The Norway Spruce, a conifer native to Southern Scandinavia, the Alps, the Balkans and Russia, was introduced to Britain around 1500. It is now very common in forests, shelter belts, parks and gardens. It was the traditional Christmas tree and is probably now the commonest ornamental spruce. It has masses of large cones near the top of the tree. The needles are not spiky. There are about 35 species of Spruce worldwide. They are evergreen conifers found right across North America and Eurasia. They form vast forests in northern regions and some, such as the Sitka Spruce, have been widely planted for timber production in Britain. They can easily be confused with Firs but differ in the way the needles are attached to their shoots. They have cones that hang down whereas Firs have cones that stand up.
A Norway Spruce loaded with cones.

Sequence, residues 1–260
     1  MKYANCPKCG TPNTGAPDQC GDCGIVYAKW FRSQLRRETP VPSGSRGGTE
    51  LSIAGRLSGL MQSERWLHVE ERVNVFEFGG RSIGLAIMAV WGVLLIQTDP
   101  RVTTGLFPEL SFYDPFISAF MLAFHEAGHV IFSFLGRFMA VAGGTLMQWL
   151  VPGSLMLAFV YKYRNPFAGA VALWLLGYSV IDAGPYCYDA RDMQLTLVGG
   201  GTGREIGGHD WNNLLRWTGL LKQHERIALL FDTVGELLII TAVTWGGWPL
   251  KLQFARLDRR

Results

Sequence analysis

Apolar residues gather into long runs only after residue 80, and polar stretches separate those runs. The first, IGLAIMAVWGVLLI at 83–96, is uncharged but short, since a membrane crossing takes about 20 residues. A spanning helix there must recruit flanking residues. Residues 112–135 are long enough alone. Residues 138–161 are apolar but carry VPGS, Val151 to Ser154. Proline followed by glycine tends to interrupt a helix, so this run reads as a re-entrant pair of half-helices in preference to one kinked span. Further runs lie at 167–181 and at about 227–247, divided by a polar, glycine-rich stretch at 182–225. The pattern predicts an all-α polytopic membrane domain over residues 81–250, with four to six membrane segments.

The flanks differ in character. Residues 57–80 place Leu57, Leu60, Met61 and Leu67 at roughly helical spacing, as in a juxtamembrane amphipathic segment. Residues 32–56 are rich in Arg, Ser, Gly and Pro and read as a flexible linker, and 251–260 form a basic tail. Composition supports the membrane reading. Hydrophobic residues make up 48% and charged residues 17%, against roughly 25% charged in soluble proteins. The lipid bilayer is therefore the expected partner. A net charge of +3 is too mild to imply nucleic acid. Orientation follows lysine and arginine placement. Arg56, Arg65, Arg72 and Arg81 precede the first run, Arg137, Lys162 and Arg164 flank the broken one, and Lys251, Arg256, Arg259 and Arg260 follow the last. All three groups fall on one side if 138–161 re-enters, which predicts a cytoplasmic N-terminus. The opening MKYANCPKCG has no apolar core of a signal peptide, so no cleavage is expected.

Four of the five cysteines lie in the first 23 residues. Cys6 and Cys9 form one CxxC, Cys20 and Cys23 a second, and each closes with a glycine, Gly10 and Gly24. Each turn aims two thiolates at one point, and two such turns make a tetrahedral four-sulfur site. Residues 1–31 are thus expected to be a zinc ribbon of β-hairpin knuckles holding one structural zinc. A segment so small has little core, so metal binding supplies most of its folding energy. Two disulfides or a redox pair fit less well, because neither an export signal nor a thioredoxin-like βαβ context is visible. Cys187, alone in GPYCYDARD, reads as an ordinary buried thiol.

Long cones hang down even at low levels on the tree and are easy to see.
The cone is very long, up to 20cm and the scale edges are wavy. Photo taken in October.
The bark is coppery and cracked into rounded plates.
The needles are dark green, short (1.5 to 2.5cm) and pointed but not sharp.
The dark green needles have white bands underneath. The shoot is orange and each needle is attached to the shoot at a small wooden peg, like all Spruces. Firs are attached at round pads.
The needles are located above and below the shoot.
Male pollen cones in May